Professor Moglen began building software as a professional programmer at age 13. He worked as a designer of advanced computer programming languages at IBM from 1979 to 1985. In 1991, he represented Philip Zimmerman, the developer of PGP (“Pretty Good Privacy”), threatened with prosecution by the US government for making strong encryption free software that everyone could use. In 1993, he joined forces with Richard M Stallman to provide world-class legal representation and expertise to the free software movement. With RMS, he conceived, wrote, and created a public process for discussion and adoption of GPLv3, the current version of the world’s most widely-used free software license.
In 2005, Professor Moglen founded the Software Freedom Law Center, a non-profit that provides pro-bono legal services to developers of free and open source software. In addition to his work with free software developers, Professor Moglen has advised major IT companies and national governments around the world. In 2010, he testified before the European Commission on the FOSS consequences of Oracle Corporation’s acquisition of Sun Microsystems, and before the US Congress on Internet privacy and consumer protection. He has appeared numerous times on software- and privacy-related issues as amicus curiae before the US Supreme Court.
In 2011, Professor Moglen founded the FreedomBox Foundation, a non-profit organization that supports the development of FreedomBox. FreedomBox is a free and open source private server system that empowers regular people to host their own internet services, like a VPN, a personal website, file sharing, encrypted messengers, a VoIP server, a metasearch engine, and much more. It is designed to be secure, flexible, and simple. FreedomBox builds freedom into the internet by putting users in control of their activity and data on the net.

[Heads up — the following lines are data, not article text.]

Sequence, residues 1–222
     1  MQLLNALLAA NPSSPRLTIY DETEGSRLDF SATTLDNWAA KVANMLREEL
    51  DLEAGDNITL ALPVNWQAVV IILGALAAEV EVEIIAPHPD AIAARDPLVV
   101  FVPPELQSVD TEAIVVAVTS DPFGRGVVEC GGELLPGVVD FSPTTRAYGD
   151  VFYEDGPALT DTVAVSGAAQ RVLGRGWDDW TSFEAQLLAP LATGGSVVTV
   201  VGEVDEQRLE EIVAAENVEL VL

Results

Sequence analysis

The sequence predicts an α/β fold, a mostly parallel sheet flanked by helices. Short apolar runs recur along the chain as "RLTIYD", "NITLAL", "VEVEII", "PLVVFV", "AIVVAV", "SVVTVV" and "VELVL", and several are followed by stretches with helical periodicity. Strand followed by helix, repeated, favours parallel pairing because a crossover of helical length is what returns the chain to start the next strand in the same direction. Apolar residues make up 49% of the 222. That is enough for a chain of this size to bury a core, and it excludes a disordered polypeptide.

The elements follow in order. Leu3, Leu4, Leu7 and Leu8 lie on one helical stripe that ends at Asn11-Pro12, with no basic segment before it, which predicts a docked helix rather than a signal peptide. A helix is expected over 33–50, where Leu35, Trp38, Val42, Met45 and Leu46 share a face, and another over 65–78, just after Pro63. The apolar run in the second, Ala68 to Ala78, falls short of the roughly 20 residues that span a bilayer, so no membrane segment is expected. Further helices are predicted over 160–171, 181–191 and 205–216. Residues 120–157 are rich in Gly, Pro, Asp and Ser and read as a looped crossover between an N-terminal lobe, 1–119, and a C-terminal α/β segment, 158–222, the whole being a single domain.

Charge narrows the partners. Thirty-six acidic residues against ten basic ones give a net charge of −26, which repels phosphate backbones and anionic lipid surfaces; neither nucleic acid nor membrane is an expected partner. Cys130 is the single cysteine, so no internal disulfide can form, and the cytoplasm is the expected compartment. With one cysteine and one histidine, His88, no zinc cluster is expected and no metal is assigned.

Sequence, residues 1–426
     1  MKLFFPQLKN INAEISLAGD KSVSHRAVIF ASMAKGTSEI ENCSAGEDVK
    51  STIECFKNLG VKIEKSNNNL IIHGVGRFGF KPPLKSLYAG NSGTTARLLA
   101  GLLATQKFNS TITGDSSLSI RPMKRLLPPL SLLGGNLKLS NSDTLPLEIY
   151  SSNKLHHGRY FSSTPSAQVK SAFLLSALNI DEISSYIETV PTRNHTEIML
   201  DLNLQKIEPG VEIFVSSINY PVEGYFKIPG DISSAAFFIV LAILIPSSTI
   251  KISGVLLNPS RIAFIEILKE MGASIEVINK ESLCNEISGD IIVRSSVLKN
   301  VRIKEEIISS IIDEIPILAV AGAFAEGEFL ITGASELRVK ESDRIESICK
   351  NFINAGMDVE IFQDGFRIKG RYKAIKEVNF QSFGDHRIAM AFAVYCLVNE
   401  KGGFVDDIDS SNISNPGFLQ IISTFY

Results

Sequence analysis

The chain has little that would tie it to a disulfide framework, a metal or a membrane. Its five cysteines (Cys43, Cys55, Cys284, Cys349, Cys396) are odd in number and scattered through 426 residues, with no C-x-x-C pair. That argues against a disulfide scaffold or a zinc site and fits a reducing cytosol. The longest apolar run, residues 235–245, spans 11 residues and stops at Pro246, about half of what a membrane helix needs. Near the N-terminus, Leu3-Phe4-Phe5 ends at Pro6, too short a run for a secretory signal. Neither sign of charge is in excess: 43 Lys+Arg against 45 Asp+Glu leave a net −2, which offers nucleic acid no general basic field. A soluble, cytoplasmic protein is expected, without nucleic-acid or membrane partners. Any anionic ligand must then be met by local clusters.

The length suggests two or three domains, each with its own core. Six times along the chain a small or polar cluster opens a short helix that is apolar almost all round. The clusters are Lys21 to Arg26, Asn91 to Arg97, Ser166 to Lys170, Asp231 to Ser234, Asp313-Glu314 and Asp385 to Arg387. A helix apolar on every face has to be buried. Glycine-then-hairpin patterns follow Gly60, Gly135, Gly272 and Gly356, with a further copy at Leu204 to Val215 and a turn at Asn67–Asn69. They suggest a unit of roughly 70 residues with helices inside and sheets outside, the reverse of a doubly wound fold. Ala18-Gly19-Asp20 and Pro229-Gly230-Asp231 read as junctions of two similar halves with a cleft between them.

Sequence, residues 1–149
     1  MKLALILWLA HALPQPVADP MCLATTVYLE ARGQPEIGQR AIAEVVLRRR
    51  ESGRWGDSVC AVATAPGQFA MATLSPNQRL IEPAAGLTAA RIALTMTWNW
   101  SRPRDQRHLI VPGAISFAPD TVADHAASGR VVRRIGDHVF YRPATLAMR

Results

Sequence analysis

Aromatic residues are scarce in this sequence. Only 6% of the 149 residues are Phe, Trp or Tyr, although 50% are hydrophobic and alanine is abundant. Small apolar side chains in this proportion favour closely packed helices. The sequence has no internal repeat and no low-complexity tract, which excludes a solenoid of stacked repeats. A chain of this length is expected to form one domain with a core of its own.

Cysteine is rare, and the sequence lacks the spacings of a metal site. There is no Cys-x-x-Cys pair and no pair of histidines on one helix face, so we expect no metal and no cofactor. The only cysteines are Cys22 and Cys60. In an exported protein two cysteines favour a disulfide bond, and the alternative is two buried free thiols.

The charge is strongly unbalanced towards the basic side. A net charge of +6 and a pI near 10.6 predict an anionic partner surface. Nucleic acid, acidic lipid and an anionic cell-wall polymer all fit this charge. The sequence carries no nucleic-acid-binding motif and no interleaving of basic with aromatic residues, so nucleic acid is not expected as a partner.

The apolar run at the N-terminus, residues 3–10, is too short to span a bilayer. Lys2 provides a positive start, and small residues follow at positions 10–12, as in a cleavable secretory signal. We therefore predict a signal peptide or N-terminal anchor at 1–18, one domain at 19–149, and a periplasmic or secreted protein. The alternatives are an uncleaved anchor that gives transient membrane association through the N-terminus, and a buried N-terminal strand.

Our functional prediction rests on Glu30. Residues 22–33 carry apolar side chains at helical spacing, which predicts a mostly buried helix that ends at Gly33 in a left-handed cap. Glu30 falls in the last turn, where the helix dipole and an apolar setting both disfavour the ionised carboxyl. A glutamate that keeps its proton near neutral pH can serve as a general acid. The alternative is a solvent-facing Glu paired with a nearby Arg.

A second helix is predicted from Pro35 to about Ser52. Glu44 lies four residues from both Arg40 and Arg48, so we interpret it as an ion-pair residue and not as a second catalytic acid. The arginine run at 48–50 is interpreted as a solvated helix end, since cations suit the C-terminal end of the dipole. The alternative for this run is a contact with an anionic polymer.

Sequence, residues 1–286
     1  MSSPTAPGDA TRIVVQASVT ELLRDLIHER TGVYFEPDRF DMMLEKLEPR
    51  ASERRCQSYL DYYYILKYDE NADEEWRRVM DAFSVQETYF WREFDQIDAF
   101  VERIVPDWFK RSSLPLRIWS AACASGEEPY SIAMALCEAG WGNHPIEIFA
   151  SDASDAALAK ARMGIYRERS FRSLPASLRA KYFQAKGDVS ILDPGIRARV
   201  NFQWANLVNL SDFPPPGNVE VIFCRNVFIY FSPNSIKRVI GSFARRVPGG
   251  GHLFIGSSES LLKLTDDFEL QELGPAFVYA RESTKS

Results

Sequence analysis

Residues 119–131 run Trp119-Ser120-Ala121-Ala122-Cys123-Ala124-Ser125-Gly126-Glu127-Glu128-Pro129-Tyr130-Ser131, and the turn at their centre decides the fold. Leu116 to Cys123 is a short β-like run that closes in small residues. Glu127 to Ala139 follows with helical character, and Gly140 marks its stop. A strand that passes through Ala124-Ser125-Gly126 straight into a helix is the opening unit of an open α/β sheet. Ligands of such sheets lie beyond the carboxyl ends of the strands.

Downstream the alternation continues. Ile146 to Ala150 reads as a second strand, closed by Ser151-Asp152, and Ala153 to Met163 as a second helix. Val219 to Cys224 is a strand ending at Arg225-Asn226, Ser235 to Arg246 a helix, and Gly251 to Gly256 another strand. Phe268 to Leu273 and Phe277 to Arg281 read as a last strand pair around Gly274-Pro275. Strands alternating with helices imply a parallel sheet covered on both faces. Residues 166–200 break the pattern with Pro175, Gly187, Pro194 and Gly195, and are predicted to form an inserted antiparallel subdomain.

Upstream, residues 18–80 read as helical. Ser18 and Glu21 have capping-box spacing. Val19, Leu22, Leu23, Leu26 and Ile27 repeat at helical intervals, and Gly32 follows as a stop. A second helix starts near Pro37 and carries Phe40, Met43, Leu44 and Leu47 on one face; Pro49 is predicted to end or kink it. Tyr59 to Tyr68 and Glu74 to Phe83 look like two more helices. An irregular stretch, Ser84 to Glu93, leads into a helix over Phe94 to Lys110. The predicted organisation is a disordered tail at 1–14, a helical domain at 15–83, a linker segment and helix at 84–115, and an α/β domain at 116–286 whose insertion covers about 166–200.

Professor Moglen earned his PhD in History and his law degree at Yale University. After law school, he clerked for Judge Edward Weinfeld of the United States District Court in New York City and for Justice Thurgood Marshall of the United States Supreme Court. He has taught at Columbia Law School since 1987 and has held visiting appointments at Harvard University, Tel Aviv University, and the University of Virginia. In 2003, he was given the Electronic Frontier Foundation’s Pioneer Award for efforts on behalf of freedom in the electronic society. Professor Moglen is admitted to practice in the State of New York and before the United States Supreme Court.